Local Cambodian-Americans play active role in trial of Khmer Rouge leaders
Cambodia’s brutal Khmer Rouge government fell more than 30 years ago. The power behind the infamous “Killing Fields” killed as many as 2 million Cambodians through executions, starvation and disease.
Later this year, four Khmer Rouge leaders are set for trial before a United Nations-backed tribunal that’s charged them with genocide and crimes against humanity. Among those on trial is Nuon Chea. He was second-in-command to Khmer Rouge leader Pol Pot, who died more than a decade ago.
The trial will take place in Cambodia. But some in Long Beach, home to the largest Cambodian-American population in this country, are trying to help the prosecution from half a world away.
On a recent Saturday in Long Beach, survivors of the Khmer Rouge stepped to a microphone to tell stories that are hard to hear.
Sophany Bay counsels Cambodian-Americans on mental health matters. In the 1970s, she was a teacher in Cambodia’s capital, Phnom Penh, until the Khmer Rouge sent her to a forced labor camp in the countryside.
While there, her 6-month-old daughter got sick. She the baby to someone she thought was a nurse. He wasn’t.
"He took my baby and put my baby on the table and injected something into her head. When he put my baby on the table, it died immediately," said Bay.
The man who gave the shot was a Khmer Rouge soldier. Sophany Bay’s two other children also died after soldiers beat them.
She and other Cambodians gathered at Long Beach’s Mark Twain Library to learn about the upcoming trial, known as "Case 002."
Lawyers from the San Francisco-based Center for Justice and Accountability helped sponsor the meeting. The legal organization is representing Khmer Rouge survivors at the upcoming trial.
Case one ended last year when the tribunal handed down a 35-year sentence to Kang Guek Eav, or Duch. He ran a notorious torture prison. The court later reduced Duch’s sentence by almost half, in part because of the time he’d already served.
Many victims of the Khmer Rouge criticized that reduced sentence. Lawyer Nushin Sarkarati of the Center for Justice and Accountability said part of her job is to explain to Cambodian-Americans what the courts can and cannot do.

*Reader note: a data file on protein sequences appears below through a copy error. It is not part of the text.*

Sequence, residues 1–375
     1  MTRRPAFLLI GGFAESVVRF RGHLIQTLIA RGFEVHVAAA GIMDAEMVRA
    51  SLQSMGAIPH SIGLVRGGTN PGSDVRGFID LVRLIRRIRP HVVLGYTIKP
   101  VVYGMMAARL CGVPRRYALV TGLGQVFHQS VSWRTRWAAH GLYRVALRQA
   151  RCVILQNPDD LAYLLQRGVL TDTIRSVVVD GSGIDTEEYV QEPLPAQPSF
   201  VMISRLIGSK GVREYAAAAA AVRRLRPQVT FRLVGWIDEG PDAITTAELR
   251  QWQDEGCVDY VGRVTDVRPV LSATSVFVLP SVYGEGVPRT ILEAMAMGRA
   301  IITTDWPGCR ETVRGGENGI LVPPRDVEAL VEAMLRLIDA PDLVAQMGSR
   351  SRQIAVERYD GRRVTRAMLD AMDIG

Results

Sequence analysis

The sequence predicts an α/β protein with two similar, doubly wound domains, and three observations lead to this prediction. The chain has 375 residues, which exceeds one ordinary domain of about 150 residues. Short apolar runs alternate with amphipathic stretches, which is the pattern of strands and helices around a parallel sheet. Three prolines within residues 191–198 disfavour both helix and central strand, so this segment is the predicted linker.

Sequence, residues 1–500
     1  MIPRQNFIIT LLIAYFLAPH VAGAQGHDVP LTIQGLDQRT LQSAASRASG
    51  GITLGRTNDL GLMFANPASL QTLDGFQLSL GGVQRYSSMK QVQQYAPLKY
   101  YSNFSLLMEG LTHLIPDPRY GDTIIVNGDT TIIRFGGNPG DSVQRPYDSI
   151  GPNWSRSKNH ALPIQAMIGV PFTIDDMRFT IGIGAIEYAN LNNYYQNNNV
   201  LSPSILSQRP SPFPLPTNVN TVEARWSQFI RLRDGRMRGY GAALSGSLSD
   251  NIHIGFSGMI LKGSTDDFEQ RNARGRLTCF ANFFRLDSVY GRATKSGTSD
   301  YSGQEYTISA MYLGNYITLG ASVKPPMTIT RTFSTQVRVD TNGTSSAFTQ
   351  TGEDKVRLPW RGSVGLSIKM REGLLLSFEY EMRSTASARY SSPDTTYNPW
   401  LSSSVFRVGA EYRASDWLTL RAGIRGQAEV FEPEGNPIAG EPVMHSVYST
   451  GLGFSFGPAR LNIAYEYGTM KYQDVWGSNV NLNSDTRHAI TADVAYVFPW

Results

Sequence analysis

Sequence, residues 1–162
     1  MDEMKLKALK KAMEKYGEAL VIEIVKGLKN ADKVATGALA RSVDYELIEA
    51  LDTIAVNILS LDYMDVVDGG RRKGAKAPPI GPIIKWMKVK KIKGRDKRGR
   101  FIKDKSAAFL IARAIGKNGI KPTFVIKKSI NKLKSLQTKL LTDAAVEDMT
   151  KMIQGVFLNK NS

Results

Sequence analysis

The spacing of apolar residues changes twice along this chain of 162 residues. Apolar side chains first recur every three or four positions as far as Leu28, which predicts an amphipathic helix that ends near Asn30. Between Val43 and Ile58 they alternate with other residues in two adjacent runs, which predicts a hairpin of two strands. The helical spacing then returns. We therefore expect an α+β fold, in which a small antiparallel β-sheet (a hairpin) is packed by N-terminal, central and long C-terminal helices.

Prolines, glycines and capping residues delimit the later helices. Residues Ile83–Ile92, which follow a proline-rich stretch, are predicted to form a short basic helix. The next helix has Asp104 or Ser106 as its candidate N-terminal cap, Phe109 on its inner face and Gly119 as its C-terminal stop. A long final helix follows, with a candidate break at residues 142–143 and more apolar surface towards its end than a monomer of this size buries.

“For example, in case one, many people asked, ‘Why didn’t Duch get the death penalty?’" said Sarkarati. "This court does not permit the death penalty, so that wasn’t even an issue on the table."
In recent years, several parties have tried to involve more Cambodian-Americans in the second trial. Cal State Long Beach sociologist Leakhena Nou has played a major role in that effort. She founded the Applied Social Research Institute of Cambodia.
For almost three years, she’s gathered the testimony of Khmer Rouge survivors and sent it to the tribunal. Nou attended the recent Long Beach meeting to let the survivors know the court has accepted their testimony. She told them that they were the "heroes" behind the movement to seek justice.
The tribunal has also accepted more than 30 Cambodian-Americans as civil parties whose testimony will be admitted as evidence. Sophany Bay, the woman who lost her children, is one of 14 from California.
Andrea Evans is the legal director for the Center for Justice and Accountability. She said it's rare for survivors to take such an active role in this kind of trial.
"It’s the first time that an international court has allowed this type of participation by survivors directly in the proceedings," said Evans, "so I think there’s going to be a lot of examination about how this works, about how effective it is."
The proceedings could involve them even further. Evans says it’s possible that some of the civil parties could testify as witnesses at the trial in Cambodia.
"We are advocating that at least some of the witnesses who testify are from the United States," said Evans.
Evans said her group is also hoping to fly some of the local Cambodians to Phnom Penh to observe the proceedings.
The court has also left open the possibility of reparations if it convicts the four Khmer Rouge leaders. Lawyers say there are too many victims for monetary payments to make sense. But Sophany Bay, who spoke up at the Long Beach meeting, said she'd accept a museum or memorial that recognizes the victims.
"I want some place for the memory, to remember my children, like other people, like other victims," said Bay.